The UCAS-D program officials still have many lessons to learn. “We have only scratched the surface of manned-unmanned flight operations by demonstrating it is definitely feasible within an aircraft carrier environment to conduct manned and unmanned teaming. Many challenges remain, including conducting flight operations with different numbers and types of aircraft, day and night flights, as well as more challenging weather and flight deck motion conditions,” Capt. Duarte reveals. “The long-term goal is to make the integration of unmanned aircraft into the carrier air wing as seamless as possible.”

Navy officials do not yet know when the X-47B will return to sea for further testing. That date largely will be driven by carrier availability, which can be uncertain due in part to their participation in real-world operations. Still, the X-47B will not remain idle. “We’ve got some other potential uses for the X-47B that we’re investigating, including land-based testing and air refueling testing,” Capt. Duarte reveals.    

For the August flights, the Navy developed and tested improvements to the X-47B arresting hook retract actuator, which automatically lifts the tailhook after landing so that it can clear the wire and the aircraft can taxi away from the landing area. Officials also loaded new software that will automatically fold the wings on command from a deck operator. The folding wings allow the X-47B to clear the landing area more expeditiously.

A deck-handling subsystem allows the X-47B to be taxied around the deck by an external operator. Other subsystems required for testing include networks, antennas, aircraft guidance and control and aircraft-mounted navigation systems that interface with an existing set of complex landing and display systems. No modifications are required for the F/A-18 Hornet.

“The X-47B met the program’s objectives to demonstrate that carrier-based manned and unmanned aircraft could maintain a 90-second launch and recovery interval. That was our threshold. Also, the overall vehicle air wing landing system performance in both nominal and off-nominal conditions—normal winds and winds of varying direction and intensity—is very accurate,” he reports.
The recent tests also included nighttime flight deck operations to “better understand the human interface and suitability of the unmanned air system and deck operator’s handheld control unit in a nighttime environment,” he adds.    

Program officials prepared for the test for months using modeling and simulation, which the captain says were impressively close to the actual event. Still, the tests included some surprises. “In general, we have been very pleased with the level of precision and similarity that the vehicles displayed in regard to simulated or modeled performance that we expect. We were a little bit surprised with some of our nighttime flight deck taxiing, how hard it is to predict the speed at which the X-47B would accelerate or move on the flight deck,” Capt. Duarte reveals.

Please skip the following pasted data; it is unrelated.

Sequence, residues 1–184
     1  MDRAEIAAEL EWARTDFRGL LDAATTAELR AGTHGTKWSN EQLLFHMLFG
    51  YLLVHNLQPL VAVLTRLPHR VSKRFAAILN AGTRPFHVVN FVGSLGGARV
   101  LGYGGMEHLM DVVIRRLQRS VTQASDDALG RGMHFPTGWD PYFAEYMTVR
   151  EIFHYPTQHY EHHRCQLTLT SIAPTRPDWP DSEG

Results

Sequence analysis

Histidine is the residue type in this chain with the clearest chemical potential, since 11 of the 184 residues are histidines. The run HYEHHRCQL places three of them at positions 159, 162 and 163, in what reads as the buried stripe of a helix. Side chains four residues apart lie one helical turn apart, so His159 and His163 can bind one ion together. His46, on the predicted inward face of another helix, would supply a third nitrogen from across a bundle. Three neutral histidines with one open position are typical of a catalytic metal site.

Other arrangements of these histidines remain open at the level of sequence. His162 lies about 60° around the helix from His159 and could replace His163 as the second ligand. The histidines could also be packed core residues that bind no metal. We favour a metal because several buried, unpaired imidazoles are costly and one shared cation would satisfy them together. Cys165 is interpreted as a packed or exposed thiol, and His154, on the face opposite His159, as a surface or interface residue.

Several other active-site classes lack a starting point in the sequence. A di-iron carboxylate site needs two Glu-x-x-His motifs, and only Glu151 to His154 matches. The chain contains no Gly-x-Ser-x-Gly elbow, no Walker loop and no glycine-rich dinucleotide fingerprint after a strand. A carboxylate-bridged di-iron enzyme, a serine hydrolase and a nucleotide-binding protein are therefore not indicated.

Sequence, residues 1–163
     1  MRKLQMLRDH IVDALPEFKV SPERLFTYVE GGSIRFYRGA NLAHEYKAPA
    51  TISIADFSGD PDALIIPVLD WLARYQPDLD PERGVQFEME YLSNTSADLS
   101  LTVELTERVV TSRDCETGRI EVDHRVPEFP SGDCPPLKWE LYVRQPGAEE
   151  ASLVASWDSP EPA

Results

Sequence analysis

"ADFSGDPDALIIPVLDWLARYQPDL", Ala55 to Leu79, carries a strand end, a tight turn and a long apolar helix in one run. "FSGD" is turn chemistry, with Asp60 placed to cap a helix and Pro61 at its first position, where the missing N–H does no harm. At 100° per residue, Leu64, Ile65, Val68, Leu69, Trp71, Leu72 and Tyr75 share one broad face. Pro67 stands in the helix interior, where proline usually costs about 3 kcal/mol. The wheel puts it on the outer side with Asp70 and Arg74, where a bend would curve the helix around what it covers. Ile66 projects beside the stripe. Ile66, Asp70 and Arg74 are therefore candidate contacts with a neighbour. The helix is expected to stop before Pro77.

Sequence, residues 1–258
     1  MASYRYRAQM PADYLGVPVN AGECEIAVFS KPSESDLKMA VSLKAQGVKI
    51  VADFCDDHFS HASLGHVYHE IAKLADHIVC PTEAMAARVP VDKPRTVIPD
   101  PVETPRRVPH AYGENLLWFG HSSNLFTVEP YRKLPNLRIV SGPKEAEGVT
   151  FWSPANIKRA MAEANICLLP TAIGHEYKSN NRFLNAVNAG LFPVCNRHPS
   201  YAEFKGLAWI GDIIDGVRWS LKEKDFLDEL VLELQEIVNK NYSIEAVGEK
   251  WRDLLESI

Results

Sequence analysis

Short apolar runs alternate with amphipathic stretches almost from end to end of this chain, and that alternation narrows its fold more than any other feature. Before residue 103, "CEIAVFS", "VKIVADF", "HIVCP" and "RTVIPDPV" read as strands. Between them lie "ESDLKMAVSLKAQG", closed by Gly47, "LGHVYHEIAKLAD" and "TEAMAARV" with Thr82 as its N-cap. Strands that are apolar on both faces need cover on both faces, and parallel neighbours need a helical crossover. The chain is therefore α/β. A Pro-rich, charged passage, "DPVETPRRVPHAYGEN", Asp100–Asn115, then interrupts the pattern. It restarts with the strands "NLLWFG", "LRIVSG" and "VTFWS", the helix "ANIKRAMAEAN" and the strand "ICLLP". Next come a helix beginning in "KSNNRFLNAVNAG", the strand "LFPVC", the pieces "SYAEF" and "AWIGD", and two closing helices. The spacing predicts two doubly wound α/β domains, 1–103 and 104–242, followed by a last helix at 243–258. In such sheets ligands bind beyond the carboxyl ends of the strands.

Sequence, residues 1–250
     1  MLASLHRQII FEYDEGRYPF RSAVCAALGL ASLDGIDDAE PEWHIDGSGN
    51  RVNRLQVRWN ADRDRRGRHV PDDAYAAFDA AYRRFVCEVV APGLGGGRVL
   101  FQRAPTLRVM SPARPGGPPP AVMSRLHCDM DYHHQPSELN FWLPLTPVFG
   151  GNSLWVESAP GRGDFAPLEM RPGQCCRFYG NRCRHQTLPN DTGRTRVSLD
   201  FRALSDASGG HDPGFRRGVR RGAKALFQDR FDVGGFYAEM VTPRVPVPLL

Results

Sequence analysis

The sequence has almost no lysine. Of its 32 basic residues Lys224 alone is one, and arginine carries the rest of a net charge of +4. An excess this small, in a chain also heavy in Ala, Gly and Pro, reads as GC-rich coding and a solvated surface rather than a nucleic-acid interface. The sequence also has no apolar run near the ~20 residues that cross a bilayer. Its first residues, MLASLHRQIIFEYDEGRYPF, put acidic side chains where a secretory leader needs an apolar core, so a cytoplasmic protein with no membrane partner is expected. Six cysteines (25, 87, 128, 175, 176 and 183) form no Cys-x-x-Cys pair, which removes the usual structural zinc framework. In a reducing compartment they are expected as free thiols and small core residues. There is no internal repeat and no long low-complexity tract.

The Navy, of course, is not the only service teaming manned and unmanned aircraft. The Army, for example, is phasing out Kiowa Warrior helicopters and replacing them with AH-64E model Apaches, which can be teamed with unmanned aerial vehicles such as the Shadow and Gray Eagle. The unmanned vehicles can be operated either by soldiers on the ground or by the Apache pilots, and control can be passed from one to the other, depending on the need.

Meanwhile, Air Force Research Laboratory scientists recently completed an advanced communications affordability program aimed at improving production processes of Gallium Nitride Monolithic Microwave Integrated Circuits. Among other benefits, the technology is expected to boost communications for aircraft, which could positively affect manned-unmanned aircraft teaming efforts.

The various services and agencies work together as much as possible to improve manned-unmanned teaming technologies and capabilities, Capt. Duarte reports. “Sharing lessons learned is extremely important. It drives not only a more technical solution but also a more affordable solution. We continue to leverage findings from other Navy unmanned acquisition programs such as Triton and Fire Scout, as well as our sister services, and from joint concepts of operations,” Capt. Duarte says.    

“UCLASS will be the first carrier-based, operational unmanned system integrated into the air wing, and in my view, it will not be the last. We look forward to turning the potential into reality in the coming years,” he concludes.